Essien 2003). Biases in recruiting and hiring can reflect the racism of individuals, but they also mirror an institution’s lack of attention to its own legacy of exclusion. The mechanism of tenure and promotion in higher education is an institution itself, and it is rife with barriers to faculty of color, including the devaluation of the extraordinary service responsibilities of faculty of color and the lack of legitimacy granted to research agendas that fall outside of the mainstream. In a 1994 article in Educational Researcher , Amado M. Padilla discussed the concept of “cultural taxation” to illuminate the fact that many underrepresented faculty are expected to cover minority affairs, in addition to completing a rigorous agenda in research, teaching, and institutional service.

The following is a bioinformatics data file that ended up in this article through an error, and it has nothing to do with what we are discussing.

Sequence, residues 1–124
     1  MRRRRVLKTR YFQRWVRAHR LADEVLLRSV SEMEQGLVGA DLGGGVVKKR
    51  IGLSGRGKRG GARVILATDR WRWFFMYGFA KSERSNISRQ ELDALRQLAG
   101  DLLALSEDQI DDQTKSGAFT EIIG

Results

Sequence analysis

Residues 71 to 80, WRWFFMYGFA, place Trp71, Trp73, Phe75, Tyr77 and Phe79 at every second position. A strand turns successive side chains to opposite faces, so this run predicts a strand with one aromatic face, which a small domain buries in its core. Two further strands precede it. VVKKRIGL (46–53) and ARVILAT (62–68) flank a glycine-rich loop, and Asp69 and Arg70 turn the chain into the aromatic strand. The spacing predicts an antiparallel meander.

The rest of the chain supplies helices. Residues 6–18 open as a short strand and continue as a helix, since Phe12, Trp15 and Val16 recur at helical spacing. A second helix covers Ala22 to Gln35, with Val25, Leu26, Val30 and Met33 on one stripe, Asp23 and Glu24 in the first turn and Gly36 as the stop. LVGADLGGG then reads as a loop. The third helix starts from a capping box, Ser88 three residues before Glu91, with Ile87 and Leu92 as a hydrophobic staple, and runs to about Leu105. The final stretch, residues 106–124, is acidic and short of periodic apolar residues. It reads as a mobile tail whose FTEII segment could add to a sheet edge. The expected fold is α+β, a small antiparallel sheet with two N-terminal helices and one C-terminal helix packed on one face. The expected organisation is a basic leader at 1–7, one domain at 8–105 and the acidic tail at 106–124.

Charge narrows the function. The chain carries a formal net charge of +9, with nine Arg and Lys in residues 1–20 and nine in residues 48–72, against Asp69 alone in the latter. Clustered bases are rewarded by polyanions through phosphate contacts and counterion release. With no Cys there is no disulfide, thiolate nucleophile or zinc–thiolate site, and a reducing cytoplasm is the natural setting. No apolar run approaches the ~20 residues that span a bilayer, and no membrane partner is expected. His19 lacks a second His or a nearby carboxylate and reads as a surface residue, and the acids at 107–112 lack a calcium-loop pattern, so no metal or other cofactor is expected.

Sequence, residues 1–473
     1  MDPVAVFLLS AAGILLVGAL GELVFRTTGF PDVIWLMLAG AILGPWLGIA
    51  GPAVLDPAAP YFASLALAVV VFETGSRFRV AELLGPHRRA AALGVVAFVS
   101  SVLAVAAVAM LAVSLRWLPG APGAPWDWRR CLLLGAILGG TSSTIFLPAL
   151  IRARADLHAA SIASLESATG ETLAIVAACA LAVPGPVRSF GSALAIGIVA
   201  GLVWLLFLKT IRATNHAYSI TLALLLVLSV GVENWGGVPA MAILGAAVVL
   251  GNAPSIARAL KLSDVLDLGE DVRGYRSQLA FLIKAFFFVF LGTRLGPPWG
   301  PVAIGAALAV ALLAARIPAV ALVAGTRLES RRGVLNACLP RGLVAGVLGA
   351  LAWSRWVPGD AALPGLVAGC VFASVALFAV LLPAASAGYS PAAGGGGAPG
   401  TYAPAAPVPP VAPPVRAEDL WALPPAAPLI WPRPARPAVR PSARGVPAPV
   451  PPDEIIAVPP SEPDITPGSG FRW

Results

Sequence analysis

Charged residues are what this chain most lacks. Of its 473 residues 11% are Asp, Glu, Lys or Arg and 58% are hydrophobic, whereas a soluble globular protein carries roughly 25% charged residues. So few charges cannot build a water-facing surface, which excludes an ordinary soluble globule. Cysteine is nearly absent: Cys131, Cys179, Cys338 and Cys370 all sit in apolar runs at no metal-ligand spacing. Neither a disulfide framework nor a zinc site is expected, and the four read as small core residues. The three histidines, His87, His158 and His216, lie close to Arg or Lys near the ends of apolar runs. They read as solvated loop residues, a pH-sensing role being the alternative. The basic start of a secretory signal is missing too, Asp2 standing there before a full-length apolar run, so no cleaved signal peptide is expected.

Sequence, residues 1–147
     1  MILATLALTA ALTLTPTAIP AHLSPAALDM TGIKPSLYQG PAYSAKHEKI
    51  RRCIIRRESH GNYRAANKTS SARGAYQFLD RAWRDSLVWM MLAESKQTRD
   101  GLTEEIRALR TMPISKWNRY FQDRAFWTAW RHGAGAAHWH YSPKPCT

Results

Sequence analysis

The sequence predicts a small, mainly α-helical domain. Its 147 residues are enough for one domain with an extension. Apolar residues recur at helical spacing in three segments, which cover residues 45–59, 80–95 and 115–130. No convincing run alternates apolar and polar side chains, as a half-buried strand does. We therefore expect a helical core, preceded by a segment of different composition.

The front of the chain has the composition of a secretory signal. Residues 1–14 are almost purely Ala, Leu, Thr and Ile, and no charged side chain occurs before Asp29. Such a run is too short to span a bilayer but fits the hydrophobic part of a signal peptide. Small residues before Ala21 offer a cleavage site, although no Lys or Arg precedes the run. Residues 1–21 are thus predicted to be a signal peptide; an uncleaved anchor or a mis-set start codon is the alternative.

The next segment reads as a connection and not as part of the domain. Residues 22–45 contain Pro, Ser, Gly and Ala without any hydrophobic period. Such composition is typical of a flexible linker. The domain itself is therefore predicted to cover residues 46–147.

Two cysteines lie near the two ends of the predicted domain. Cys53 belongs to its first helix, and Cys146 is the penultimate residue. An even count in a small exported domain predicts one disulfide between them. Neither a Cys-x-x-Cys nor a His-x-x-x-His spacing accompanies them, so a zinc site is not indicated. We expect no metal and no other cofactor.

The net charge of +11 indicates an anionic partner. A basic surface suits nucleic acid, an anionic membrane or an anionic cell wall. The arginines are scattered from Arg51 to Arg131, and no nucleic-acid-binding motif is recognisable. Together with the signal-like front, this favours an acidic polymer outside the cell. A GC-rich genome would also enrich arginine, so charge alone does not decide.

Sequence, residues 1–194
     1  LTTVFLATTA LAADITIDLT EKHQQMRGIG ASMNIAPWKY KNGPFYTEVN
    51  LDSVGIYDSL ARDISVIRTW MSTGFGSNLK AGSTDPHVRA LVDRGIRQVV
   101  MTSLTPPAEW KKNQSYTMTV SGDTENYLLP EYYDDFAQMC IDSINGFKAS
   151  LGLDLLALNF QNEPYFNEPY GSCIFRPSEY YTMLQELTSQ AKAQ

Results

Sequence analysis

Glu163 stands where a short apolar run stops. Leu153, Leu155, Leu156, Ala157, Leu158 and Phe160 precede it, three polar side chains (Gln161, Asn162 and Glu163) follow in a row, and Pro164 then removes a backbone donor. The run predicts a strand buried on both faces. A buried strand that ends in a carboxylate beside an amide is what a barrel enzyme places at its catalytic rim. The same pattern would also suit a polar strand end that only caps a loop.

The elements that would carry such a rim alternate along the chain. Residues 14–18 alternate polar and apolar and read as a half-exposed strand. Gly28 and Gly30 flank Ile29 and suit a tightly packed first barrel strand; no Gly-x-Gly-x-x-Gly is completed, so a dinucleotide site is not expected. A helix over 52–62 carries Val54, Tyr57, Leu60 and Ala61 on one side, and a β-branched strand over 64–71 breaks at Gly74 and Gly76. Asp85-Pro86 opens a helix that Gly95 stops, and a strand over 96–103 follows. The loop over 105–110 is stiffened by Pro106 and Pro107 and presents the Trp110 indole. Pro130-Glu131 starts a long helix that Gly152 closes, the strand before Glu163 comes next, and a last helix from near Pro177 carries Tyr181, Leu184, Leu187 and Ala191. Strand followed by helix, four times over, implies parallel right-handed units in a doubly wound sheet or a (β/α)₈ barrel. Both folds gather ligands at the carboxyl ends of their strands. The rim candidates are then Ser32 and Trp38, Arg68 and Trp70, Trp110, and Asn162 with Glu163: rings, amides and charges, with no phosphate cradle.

In addition to questions regarding their research agendas, faculty of color find their legitimacy questioned by those who challenge their place in the institution due to the role of affirmative action in the hiring process. Linda Johnsrud and Kathlee Sadao found in 1998 that such ethnocentrist behaviors and attitudes are rampant in college and university faculty. In a 2000 survey by the American Council on Education, Geoffrey Maruyama and colleagues found that the faculty in their survey who had more experience working with diverse groups of students had more positive attitudes towards institutional and departmental values about diversity and the importance of having a diverse population. As with students, it appears that faculty exposure to and interaction with diverse groups and individuals leads to an increased acceptance of diversity.